Oct. 9th, 2012 05:06 am
lapis_lazuli022: (Default)

It's 5am here. I woke up because I heard something like a bottle toppling over and thought it might be from the kitchen, but both cats are accounted for and still asleep, so maybe it was from outside. Something (non-feline, probably a bug) just bit me on the shoulder.

It's 8am on the east coast. This is exactly the sort of can't-get-back-to-sleep morning where I'd call my mom. The instinct to do so is still really strong and it hits at odd hours like this. That "I haven't talked to her in ages, need to call" impulse. I wonder if it'll ever fade.

lapis_lazuli022: (qow - purrr)
Having really good exciting news is the BEST.

Having really good exciting news and not being sure if you're allowed to talk about it yet is slightly less than the best. Still, really good plus a little anxiety is still really good.

The hardest thing about working in publishing is the waiting. Either I've got to sit on my own good news and keep it secret, or I've got to sit on someone else's good news, or I've got to send something off to someone and sit on my hands for a few months in hopes that I'll get good news that I can sit on my hands and not tell anyone about.

I have finished my edits on something really cool, and I've sent it off so that the author can answer all my nitpicky queries about it. I've asked when I'll be able to talk about it and I haven't been answered. Since I still can't quite believe that it's real, I think I'll wait till I get the paycheck.

And I've just learned that something else I worked on is going to be reviewed somewhere cool. I'll be able to talk about that one at the end of March when the review goes live.

March is going to be interesting. I'm traveling 17 days out of the month, on three different trips, and none of that travel is for work. All of it is for connecting with people who are important to me. I spend so much of my time focused on building my career -- I'm looking forward to taking a bit of time to celebrate how far I've come and how much potential the future holds...and to putting that same energy into nurturing other parts of me, for a change. That's something I need to do more often.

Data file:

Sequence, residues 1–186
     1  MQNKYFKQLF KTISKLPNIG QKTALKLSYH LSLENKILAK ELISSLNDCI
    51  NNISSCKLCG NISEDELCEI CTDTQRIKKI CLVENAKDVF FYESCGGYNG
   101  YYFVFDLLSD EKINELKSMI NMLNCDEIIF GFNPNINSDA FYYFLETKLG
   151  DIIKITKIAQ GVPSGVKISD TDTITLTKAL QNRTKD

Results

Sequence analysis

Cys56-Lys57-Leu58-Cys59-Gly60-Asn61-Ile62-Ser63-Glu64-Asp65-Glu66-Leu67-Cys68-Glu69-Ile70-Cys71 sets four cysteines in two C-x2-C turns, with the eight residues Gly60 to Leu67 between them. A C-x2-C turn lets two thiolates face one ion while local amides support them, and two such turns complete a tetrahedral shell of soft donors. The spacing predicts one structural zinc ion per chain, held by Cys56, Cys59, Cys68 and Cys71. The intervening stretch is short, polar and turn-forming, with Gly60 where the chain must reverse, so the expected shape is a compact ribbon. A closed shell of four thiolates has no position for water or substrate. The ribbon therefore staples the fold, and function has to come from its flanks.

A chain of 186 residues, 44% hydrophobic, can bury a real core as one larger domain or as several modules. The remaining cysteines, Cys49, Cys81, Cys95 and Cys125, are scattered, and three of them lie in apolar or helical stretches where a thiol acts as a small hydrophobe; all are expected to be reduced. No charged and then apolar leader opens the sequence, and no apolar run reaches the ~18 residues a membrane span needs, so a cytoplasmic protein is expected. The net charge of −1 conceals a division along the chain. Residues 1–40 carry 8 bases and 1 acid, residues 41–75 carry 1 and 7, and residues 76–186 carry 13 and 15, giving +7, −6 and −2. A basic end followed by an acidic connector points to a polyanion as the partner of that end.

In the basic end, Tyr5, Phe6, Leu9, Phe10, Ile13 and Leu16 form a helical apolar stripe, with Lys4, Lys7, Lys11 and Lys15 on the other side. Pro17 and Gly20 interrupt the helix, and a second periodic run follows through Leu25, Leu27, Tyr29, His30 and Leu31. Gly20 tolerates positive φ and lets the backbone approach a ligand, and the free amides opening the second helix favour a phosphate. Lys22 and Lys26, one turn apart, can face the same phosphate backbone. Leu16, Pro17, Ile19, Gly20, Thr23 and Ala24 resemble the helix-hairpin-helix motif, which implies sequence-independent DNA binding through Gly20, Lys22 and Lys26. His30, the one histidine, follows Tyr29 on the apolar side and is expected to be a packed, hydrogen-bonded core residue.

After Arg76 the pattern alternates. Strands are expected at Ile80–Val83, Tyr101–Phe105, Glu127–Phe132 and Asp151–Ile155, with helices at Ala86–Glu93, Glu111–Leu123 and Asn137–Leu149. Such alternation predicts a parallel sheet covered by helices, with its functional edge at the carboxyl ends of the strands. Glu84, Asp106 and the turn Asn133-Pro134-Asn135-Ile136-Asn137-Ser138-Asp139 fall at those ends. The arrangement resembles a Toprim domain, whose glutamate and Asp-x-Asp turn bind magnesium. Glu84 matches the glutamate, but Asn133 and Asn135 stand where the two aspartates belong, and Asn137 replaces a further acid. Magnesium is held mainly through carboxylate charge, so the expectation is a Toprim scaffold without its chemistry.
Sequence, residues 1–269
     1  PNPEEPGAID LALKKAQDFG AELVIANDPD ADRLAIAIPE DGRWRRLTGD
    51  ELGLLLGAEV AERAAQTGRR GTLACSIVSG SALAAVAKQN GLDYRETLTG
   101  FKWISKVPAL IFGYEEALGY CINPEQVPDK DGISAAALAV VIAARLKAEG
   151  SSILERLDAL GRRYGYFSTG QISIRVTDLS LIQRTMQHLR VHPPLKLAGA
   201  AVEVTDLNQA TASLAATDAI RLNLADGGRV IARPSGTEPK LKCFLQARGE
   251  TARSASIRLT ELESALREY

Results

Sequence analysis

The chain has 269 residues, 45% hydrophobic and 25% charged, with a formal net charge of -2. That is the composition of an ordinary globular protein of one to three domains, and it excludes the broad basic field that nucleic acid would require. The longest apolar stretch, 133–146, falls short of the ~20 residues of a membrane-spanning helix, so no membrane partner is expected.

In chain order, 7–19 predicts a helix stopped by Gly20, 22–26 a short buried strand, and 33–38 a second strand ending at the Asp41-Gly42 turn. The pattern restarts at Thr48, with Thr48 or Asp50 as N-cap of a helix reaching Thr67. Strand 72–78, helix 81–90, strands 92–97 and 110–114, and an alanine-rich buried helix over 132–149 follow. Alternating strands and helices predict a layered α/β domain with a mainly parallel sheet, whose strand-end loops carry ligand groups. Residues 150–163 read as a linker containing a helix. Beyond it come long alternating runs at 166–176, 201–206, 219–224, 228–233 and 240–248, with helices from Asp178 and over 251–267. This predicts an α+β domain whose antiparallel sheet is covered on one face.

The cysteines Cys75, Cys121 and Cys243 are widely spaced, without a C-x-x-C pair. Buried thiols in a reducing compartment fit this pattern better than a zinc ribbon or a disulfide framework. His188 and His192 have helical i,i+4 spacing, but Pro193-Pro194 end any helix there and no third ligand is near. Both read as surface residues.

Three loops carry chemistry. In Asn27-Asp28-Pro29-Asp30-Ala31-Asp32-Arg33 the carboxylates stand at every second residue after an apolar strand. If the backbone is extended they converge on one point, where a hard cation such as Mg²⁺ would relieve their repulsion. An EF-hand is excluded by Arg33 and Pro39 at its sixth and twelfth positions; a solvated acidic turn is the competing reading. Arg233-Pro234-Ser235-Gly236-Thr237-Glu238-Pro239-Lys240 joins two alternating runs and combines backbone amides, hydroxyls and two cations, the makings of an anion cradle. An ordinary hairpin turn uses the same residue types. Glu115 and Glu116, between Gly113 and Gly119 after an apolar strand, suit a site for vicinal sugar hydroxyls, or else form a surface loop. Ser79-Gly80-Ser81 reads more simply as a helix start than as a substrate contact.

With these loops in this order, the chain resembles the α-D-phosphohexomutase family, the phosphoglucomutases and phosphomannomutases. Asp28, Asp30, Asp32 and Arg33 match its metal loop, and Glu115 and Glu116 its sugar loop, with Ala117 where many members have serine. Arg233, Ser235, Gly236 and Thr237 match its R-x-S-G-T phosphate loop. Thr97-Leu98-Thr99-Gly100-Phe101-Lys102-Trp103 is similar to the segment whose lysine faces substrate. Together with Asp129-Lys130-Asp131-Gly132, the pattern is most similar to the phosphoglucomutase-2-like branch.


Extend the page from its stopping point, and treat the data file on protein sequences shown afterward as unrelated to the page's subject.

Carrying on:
A year ago, I gave up caffeine in significant measure, but I'm pretty sure there was caffeine in my decaf tonight. There was also adrenaline in my adrenaline. Now my brain is full and won't stop churning, and I can't get myself even remotely tired.


Jan. 1st, 2011 10:25 am
lapis_lazuli022: (Default)
Last New Year, in his pensive turn-of-the-year post, [livejournal.com profile] hbergeronx wrote, "And this year's shaping up to be the unbearably difficult year that last year was looking like it was going to be."

And he read the signs correctly, it turns out, and it was.

Though not in the ways we could have predicted.

But now that year is over. The best we can ever do is to let what we've lost live always in our hearts, appreciate what we have kept and what we have gained, and begin again as we mean to go on.


Nov. 30th, 2010 11:22 pm
lapis_lazuli022: (Default)
Air travel this past weekend was surprisingly painless. We got to the airport three hours early for our departure, only to discover that the check-in counter and the security line weren't open yet. So, the joke was on us, but at least we were in the front of the queue. I've been at the same airport on days when I was three hours early and still barely made it onto my flight.

I got picked for the scanner line, but they weren't patting or scanning everyone who went through. It was like it always has been -- most people go straight through the metal detector and aren't bothered unless they beep, a few people are 'randomly' singled out. I seem to get singled out a lot. I used to think I was suspicious-looking because I was a woman traveling alone a lot of the time, but I got sent through the scanner this time even though I was obviously with a partner. I don't know, maybe I'm just suspicious-looking. They do say that it's the quiet ones you've got to watch...

I got scanned, Matt didn't beep, and we went on our way. Flying back yesterday, the airport was quiet and neither of us got a second glance. We walked through the metal detector and were waved on, as always.